I consider taking the letters out of their sleeves, tossing them into the air, letting them fall where they may, just as Bernadette did on that spring afternoon. An intricately entangled web of hurt and hope; a closer approximation, perhaps, to the complicated story the letters weave. But this is not a story of chance. Rather, it’s a story of fragmentation and dispersal; and desire for, and impossibility of, cohesion. It’s a work about history and memory, separation and return, four female writers seeking to connect disparate events, locations, and lives into a meaningful, albeit incomplete and unfinished, whole.


1. The authors of the letters have given me permission to study, write about, and quote the letters in this article. They have offered continuous support—sometimes directly, sometimes tangentially—on all aspects of this research, and I attribute any strength of this article to their essential role in its development. Any weakness in the article’s analysis is my own.

2. The Hispanos of northern New Mexico trace their ancestry to the Spanish colonists. They comprise the majority of the region’s population, and the Spanish language is still spoken in many Hispano households.

3. Liz Stanley (2004) provides a helpful discussion of these complex editorial practices when working with the epistolary form.

4. Helen Freshwater (2003, 9) describes “the allure of the archive” as, in part, voyeuristic pleasure and, in part, the sense of accessing authentic material: “The archive grounds claims of truth, plausibility, authenticity. For the researcher utilizing archived material, the temptation of making a claim to the academic authority conferred by undertaking ‘proper research’ may prove irresistible.”

5. Valentina Napolitano (2015, 47) writes that traces “signal the limits of representation; they are the materials of knots of histories at the margins, as well as auratic presences.” As such, they are significant sites for anthropological study.

6. In 1821, after gaining its independence from Spain, Mexico continued to adhere to the land policies adopted by the former colonial power. These community grants were built on lands used by Native Pueblos at various times and the resulting violence and conflict between Hispanos and Pueblo Indians is deeply embedded, but often overlooked, in New Mexico’s land-grant history.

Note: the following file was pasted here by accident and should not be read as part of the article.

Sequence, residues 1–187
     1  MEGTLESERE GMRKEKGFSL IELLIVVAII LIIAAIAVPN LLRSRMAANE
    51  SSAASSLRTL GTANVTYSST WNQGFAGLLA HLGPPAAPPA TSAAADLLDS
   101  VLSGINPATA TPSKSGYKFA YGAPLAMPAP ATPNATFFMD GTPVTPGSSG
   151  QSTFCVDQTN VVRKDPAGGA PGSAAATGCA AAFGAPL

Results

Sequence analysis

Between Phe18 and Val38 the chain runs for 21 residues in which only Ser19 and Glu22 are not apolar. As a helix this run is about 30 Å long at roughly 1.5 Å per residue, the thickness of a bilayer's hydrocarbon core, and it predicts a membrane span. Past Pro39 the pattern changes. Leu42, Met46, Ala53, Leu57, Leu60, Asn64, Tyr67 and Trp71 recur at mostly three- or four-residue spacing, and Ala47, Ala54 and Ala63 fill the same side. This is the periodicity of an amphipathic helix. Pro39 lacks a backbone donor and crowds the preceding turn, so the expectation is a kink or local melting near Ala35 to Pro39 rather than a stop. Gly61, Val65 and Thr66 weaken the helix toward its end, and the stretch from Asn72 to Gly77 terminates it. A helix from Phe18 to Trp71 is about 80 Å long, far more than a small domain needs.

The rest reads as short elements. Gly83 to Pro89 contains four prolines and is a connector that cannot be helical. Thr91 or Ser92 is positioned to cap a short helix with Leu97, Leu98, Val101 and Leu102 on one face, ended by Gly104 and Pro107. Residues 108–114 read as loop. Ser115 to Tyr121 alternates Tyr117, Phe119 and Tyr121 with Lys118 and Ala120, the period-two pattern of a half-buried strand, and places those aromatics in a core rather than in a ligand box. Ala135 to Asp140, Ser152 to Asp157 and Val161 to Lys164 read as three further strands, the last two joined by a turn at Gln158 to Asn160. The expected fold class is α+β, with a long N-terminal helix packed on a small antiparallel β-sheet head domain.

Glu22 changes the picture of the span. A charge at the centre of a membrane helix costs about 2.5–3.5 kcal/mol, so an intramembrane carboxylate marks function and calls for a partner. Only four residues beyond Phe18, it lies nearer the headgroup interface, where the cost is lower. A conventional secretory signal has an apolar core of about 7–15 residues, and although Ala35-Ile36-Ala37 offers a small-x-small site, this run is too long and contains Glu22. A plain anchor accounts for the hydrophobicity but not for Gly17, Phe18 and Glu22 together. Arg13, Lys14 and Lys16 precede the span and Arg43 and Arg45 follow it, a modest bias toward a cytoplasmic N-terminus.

7. As Roxanne Dunbar-Ortiz (2007, 5) writes, “Land tenure based on cooperation characterized the poor communities of New Mexico, while individualism and competition for material gain characterized the capitalist mode in the United States.”

8. For Lauren Berlant (2008, 4), a genre “locates real life in an affective capacity to bracket many kinds of structural and historical antagonisms on behalf of finding a way to connect with the feeling of belonging to a larger world, however aesthetically mediated.”

9. It is widely understood that the United States’s correctional system assures the maintenance of a growth of prisons and the permanent disenfranchisement of citizens convicted of felony offenses. Instead of preparing prisoners to successfully reenter society, the correctional system’s prisons, post-release court-mandated classes, drug screenings, meetings with probation officers and addiction-recovery meetings, among other requirements, prepare parolees for reentry into prison. Indeed, two out of every three prisoners released will be rearrested within two years, and half of those released from prison will be incarcerated again within three years. The vast majority of prisoners are nonviolent drug offenders, primarily African American and Latino, housed in for-profit, privately run prisons; see